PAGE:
Another benefit of living on campus is the convenience. Most first-year students live in Towers, a central location within a seven-minute walk of any academic building. Upperclassman dorms are located farther out, but even Panther Hall is within a 15-minute walk of Frick Fine Arts, the most distant academic building on campus.
For students still working out their late-night study habits, living on campus allows them to roll out of bed 10 minutes before class and still make it on time. Meanwhile, those living in South Oakland may have a 20-minute trek ahead of them, and those farther away might have a lengthy bus ride. For attending class, living on campus is most convenient.
It may not be convenient, and possibly downright claustrophobic, to cram two people and all their belongings into a 200-square-foot room, when off-campus living provides a more spacious option. But students living on campus can minimize crowding with efficient use of space.
Many first-year students would struggle to even find a suitable apartment in the first place. As most upperclassmen will tell you, students should be looking for apartments for next year already, as many of the best locations have already been signed off for the upcoming academic year.
For most first-year students, it’s too tall an order to start the search so early. These students not only have the standard burden of writing papers, finishing homework and studying for midterms, but they also have to learn what may be a new city, cope with roommate issues and navigate the college scene. Tacking on a draining apartment search is too much to handle for the average first-year student.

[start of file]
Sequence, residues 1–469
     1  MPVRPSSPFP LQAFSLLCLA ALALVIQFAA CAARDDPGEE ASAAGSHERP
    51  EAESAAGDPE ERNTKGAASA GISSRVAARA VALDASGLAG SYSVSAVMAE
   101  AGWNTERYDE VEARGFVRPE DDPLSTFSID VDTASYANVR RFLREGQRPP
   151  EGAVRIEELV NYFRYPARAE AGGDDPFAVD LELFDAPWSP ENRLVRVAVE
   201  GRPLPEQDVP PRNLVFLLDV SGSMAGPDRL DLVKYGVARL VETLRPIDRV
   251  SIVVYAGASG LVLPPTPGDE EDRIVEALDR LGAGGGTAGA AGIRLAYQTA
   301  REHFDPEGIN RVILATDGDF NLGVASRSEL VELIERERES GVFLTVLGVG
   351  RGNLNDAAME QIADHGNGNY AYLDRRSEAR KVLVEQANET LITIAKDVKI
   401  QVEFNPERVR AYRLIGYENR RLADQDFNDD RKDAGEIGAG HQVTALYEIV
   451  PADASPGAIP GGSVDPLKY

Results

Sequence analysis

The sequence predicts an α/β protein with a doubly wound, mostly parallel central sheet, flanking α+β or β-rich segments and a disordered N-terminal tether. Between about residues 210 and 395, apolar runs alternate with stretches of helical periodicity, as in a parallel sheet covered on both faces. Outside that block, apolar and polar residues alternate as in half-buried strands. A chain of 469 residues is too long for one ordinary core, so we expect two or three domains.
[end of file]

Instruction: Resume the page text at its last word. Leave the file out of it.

There may be other minor downsides to living on campus — if a student truly loves cooking, for example, then it’s annoying to live in a place without a stove or an oven. But there are living spaces on campus equipped with these kitchen essentials, like Ruskin Hall and Bouquet Gardens.
Maybe first-year students are sick of having a Resident Assistant, especially after being written up for sundry violations. And it’s definitely annoying to have to sign in a friend to hang out with them in your room. But on the flip side, RAs also serve as a fantastic resource for basic counseling and getting involved on campus — and no Pitt student living on campus ever needs to worry about a random person wandering around on their floor. If you really don’t like the idea of another year of supervision, there are dorms without RAs or security guards, too.
It’s much easier to absorb the extra cost and cope with small inconveniences of continuing to live in the dorms than it is to sort through thousands of apartments, tour the interesting ones and settle on one, all the while juggling schoolwork. So to all the first-year students who want to move off campus next year — know what you’re signing up for.
Write to Brian at firstname.lastname@example.org.